as campaign contributions, was that a criminal act? that's what this case is really about. edwards' defense is, i thought this money was to be used for protecting my family, protecting my wife from the truth, deceiving my wife. the prosecution is saying, no, that money was to preserve and sustain the presidential campaign. so edwards' intent about what that money was for is really what this case is about. >> now, let me quick check with the control room. bear with me, everybody. is our joe johns ready yet? i see him in one of the monitors because i saw him running out of the courtroom. is he ready yet? okay. so we'll continue. i know he's miking up -- hold on? okay. i'm going to hold on and wait for joe johns to bring this to us. tell me when he is ready so we
can get this verdict right away. joe johns just ran to the camera coming out of the courtroom. joe, what do you know? >> reporter: count three only. they reached a verdict on count three only. this is a six-count indictment. and that is the only count that they have apparently agreed upon and reached a unanimous verdict. they didn't deliver that unanimous verdict in the courtroom. the judge instructed them to go back into the jury room and apparently was going to talk over with the lawyers precisely what they're going to do now. count three would be one of the -- well, it depends on how they're doing this. if they're looking at the indictment, count three is a count relating to -- is a count relating to bunny mellon. this is one of the two counts that the rich woman from vi who gave hundreds of thousands of
dollars to john edwards. the issue, of course, is accepting illegal campaign funds from her. so that's what we know. i mean, there were five other counts in this indictment that they either still have to work on, and i know jeffrey toobin can probably tell you, kate, better than me. but i have seen it before in federal cases. typically if the jury hasn't reached a decision on any of the other charges, at least as to those charges, the judge has the og option of issuing an allen charge. an instruction to the jury that you need to work a little bit harder. i'm going to send you back to deliberate some more. we have a graphic on that and i can talk to you a little bit or you can ask jeff toobin about it if you so desire. >> thank you so much. you're doing a great job. if this case wasn't complex and dense in the facts of the case and the fact we're dealing with campaign finance law, it sounds like the verdict is equally as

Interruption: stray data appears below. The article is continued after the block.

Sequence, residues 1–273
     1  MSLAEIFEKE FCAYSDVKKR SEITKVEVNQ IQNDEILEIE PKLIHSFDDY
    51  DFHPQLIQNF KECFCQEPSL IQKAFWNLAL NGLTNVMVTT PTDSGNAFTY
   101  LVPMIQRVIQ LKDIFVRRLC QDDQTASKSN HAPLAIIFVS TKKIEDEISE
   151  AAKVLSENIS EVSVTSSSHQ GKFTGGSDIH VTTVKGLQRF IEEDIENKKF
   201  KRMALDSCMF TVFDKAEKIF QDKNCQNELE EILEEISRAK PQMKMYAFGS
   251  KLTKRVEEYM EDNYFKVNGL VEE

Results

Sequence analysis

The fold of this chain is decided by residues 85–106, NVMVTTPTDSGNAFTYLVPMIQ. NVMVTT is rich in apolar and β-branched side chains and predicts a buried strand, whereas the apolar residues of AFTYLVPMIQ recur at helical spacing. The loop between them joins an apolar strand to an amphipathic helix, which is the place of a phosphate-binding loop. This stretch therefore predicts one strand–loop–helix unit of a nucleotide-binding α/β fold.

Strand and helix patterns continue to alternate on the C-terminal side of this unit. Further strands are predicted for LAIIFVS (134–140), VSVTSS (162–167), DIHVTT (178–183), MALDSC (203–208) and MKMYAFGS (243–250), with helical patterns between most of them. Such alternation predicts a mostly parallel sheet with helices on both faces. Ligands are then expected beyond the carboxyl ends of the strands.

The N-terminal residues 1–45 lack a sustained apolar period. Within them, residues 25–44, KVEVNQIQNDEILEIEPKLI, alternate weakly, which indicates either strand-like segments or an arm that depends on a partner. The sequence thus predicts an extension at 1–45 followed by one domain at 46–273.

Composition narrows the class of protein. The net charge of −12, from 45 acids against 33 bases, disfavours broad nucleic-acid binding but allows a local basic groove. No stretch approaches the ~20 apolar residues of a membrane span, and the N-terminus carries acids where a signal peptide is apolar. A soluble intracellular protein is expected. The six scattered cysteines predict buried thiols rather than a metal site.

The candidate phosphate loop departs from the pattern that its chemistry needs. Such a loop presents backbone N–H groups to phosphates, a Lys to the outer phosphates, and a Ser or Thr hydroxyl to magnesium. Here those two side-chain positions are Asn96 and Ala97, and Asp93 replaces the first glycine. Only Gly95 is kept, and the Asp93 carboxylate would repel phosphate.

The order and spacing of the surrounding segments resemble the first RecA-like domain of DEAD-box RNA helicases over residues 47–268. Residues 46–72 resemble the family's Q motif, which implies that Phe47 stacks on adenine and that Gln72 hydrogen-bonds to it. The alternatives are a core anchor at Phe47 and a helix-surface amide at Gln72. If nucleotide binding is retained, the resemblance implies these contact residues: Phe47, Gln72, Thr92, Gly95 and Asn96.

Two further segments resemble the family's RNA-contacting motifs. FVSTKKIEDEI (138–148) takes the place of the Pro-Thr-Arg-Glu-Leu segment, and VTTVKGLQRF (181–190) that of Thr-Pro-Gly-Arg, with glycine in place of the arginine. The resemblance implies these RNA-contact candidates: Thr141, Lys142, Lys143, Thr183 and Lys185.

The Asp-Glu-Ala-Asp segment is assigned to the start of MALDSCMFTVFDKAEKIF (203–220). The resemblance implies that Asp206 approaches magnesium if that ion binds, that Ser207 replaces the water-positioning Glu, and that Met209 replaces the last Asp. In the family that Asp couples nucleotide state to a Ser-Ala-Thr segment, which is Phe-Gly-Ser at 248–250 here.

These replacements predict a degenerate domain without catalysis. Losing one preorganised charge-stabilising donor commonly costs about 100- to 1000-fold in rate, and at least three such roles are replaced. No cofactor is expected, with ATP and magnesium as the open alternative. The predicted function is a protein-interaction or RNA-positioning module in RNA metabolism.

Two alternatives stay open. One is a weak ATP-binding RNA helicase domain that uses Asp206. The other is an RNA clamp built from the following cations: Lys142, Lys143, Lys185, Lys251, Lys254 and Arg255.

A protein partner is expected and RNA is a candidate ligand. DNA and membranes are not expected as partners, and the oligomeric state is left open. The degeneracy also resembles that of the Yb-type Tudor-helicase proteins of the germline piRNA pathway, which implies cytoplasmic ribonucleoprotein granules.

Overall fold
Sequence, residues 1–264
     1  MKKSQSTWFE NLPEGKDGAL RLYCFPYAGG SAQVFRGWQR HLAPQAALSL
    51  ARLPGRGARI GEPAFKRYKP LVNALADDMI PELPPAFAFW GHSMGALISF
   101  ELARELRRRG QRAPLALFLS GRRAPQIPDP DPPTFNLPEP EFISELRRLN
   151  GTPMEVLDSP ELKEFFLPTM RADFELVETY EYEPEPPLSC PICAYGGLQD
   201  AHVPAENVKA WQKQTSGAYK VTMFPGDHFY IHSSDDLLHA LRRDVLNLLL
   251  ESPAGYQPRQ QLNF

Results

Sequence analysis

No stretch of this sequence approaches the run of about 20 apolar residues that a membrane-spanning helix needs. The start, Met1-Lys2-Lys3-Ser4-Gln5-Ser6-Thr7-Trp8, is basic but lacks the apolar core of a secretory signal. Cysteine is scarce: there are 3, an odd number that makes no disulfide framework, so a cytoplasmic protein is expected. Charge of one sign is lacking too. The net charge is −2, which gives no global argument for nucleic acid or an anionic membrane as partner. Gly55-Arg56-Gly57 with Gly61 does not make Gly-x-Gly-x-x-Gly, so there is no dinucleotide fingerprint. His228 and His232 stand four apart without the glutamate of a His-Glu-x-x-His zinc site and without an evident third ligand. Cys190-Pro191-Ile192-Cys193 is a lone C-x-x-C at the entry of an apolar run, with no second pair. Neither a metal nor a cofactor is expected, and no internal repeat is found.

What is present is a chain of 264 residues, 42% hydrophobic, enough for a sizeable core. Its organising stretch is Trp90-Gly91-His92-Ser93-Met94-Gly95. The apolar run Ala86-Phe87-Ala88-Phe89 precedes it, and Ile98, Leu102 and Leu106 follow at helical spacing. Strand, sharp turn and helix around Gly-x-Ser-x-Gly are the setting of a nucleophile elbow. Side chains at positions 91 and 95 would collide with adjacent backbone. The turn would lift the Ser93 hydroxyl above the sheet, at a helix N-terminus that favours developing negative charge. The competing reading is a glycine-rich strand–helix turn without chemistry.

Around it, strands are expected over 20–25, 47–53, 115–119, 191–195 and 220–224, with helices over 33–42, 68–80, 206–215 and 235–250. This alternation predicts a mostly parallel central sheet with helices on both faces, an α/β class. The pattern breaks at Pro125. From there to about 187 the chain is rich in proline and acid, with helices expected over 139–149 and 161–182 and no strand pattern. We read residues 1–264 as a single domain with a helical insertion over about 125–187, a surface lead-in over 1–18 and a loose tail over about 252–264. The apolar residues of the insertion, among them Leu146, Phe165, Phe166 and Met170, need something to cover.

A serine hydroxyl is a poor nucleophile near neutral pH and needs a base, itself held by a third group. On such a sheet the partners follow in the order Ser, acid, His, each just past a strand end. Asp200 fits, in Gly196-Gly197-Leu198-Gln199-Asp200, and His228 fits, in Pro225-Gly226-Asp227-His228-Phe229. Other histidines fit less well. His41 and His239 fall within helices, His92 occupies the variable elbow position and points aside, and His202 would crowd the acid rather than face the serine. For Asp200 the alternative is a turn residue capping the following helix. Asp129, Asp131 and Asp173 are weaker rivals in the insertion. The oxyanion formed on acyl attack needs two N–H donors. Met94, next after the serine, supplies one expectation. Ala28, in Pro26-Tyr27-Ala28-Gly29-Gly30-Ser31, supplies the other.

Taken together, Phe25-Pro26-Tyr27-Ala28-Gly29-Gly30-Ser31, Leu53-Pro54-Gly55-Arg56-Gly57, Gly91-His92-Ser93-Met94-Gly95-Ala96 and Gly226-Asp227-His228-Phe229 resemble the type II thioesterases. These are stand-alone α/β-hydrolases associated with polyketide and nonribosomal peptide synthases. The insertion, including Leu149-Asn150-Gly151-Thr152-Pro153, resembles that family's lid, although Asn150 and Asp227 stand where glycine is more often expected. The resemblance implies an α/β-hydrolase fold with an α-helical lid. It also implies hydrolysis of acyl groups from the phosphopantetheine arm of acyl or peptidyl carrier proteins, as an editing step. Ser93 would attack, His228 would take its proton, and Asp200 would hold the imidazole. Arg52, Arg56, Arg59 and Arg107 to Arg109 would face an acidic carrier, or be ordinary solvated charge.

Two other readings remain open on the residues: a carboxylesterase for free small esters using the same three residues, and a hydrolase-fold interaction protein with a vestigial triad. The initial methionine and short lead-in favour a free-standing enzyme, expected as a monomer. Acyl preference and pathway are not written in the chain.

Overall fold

come ples and confusing. we're not quite there yet is the laymen's terms of what i'm gathering. let me bring in jeffrey toobin. we know the jury reached a unanimous decision on count three. this is the count dealing with allegedly illegal campaign contributions by bunny mellon. i think it's somewhere in the area of $725,000. but from what i'm gathering, we don't know yet which way the jury has decided on that. is that what you're hearing as well? >> absolutely, yes. no, joe johns got right to the point. we don't know whether it's guilty or not guilty and that's obviously what we we aall want know. this is a mess. this is not how trials are supposed to end. >> for our viewers, why is this a mess? the verdict is difficult to understand. >> i assure you the legal term for this is a mess. juries are supposed to resolve an entire case. they are supposed to reach